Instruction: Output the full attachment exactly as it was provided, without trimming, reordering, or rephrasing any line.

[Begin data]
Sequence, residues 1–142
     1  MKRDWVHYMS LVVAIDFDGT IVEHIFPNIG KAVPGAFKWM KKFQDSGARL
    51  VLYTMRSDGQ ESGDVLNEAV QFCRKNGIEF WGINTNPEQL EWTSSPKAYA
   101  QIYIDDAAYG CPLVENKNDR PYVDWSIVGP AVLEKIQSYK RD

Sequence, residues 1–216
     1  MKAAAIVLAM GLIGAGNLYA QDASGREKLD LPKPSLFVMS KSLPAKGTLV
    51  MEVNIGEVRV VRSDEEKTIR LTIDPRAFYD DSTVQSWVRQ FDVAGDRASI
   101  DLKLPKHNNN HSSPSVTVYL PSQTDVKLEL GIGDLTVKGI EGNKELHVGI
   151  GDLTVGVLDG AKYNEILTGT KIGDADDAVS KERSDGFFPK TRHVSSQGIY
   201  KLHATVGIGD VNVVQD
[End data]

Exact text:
Sequence, residues 1–142
     1  MKRDWVHYMS LVVAIDFDGT IVEHIFPNIG KAVPGAFKWM KKFQDSGARL
    51  VLYTMRSDGQ ESGDVLNEAV QFCRKNGIEF WGINTNPEQL EWTSSPKAYA
   101  QIYIDDAAYG CPLVENKNDR PYVDWSIVGP AVLEKIQSYK RD

Sequence, residues 1–216
     1  MKAAAIVLAM GLIGAGNLYA QDASGREKLD LPKPSLFVMS KSLPAKGTLV
    51  MEVNIGEVRV VRSDEEKTIR LTIDPRAFYD DSTVQSWVRQ FDVAGDRASI
   101  DLKLPKHNNN HSSPSVTVYL PSQTDVKLEL GIGDLTVKGI EGNKELHVGI
   151  GDLTVGVLDG AKYNEILTGT KIGDADDAVS KERSDGFFPK TRHVSSQGIY
   201  KLHATVGIGD VNVVQD